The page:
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Remote And Hybrid Workplaces Are Hiring People Twice As Fast As Full-Time Office Employers: Report

Remote And Hybrid Workplaces Are Hiring People Twice As Fast As Full-Time Office Employers: Report

Many bosses seem convinced that remote work is hampering productivity. But companies with remote or hybrid policies appear to be hiring people at about twice the rate of employers that are fully in office, according to a new analysis.

Over the last three months, the analysis found, companies where the remote work policy is “fully flexible,” allowing full-time remote work or choice about how much workers come to the office, grew headcount by 1.9% on average, compared with companies that mandate full-time in-office work. Those with “structured hybrid” policies—the most common arrangement, where workers come into the office between one and four days a week—grew by 1.5%, while employers that were fully in-office grew headcount by just 0.8%.

Over the last 12 months, there was a similar gap, with fully flexible companies growing headcount by 5.6%, hybrid companies growing by 4.1% and full time in-office growing by 2.6%, according to the report.

“The job market has been surprisingly resilient, and I was really curious to understand: is there anything to be found in where the growth is?” says Robert Sadow, cofounder and CEO of Scoop, a hybrid work management software company behind the report. “When we looked at headcount increase over the last 12 months, fully flexible and ‘structured hybrid’ [employers] were outperforming fully in office companies at least in terms of a percentage of headcount.”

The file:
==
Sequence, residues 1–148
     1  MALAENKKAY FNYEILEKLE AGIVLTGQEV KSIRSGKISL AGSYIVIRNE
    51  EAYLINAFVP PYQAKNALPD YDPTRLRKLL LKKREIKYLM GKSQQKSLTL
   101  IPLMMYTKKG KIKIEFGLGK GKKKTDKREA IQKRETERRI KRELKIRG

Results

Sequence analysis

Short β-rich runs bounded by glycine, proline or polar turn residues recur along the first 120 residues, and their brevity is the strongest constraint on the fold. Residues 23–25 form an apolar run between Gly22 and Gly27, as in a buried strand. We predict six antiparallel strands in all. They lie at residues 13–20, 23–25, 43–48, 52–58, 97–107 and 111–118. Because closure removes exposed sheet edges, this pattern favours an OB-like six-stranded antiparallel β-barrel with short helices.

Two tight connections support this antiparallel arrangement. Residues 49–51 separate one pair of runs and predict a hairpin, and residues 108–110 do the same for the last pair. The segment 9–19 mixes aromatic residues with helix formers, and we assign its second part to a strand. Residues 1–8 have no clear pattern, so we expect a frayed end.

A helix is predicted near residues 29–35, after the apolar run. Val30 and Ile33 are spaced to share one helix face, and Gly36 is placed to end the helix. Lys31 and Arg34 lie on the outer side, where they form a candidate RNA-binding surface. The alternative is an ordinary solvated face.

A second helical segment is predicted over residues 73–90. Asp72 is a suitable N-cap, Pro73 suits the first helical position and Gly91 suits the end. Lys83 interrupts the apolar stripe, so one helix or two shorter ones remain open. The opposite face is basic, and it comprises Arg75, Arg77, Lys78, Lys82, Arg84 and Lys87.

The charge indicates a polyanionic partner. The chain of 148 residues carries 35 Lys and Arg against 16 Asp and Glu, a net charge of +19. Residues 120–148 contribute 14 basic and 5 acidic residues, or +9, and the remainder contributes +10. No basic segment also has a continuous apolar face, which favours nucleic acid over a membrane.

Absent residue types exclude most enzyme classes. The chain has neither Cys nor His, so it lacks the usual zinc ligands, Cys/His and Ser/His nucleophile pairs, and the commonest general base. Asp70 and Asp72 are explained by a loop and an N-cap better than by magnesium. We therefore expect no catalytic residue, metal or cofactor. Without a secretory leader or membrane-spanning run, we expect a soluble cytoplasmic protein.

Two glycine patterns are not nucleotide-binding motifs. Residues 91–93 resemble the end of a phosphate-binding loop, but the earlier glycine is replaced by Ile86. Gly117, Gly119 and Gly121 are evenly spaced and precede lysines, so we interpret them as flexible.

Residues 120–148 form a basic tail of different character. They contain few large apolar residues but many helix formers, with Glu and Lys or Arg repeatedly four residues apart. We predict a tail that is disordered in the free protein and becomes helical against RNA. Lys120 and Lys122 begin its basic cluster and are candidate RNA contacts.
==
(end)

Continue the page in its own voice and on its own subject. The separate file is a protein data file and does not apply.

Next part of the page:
Sadow’s team at Scoop combined data from its quarterly Flex Index, which catalogs the flexible work policies of some 4,500 companies, with data from PeopleDataLabs about individual companies’ headcount growth. That data draws from hundreds of public and private sources such as applicant tracking systems or other publicly available data to collect individuals’ start or end dates at an employer, and then aggregates that information at the company level to track headcount growth.

One possibility, Sadow surmised, might be that nimble, fast-growing tech start-ups that are fully remote or require minimum in-office attendance could be driving the differences. But when he and his team cut the data by company size, he found a similar trend across size groupings.

The difference between fully flexible and hybrid groups diminished, becoming more similar. But across all size groupings, they still consistently outpaced the full-time in-office companies, no matter if the company was a small start-up or a large enterprise with more than 5,000 employees.

“In every single group, full-time in-office is lagging behind adding headcount,” Sadow says. “To me, this is pretty eye opening. It would seem like companies that are flexible are having an easier time hiring headcount.”

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Removing tech firms, which have been active in cutting jobs over the past year, and have work that is particularly fitting for remote jobs, also did not change the trend. For all non-tech companies in the sample, companies that are fully flexible or have hybrid set-ups grew headcount at least 0.5% faster than full-time in-office firms, across company sizes.

“Adding headcount isn’t a perfect proxy of whether a company Is doing well, but growth in the economy tends to follow where the heads are getting added,” says Sadow. “The companies requiring fewer days in the office are doing better, it looks like,” at least when it comes to hiring.

Forbes

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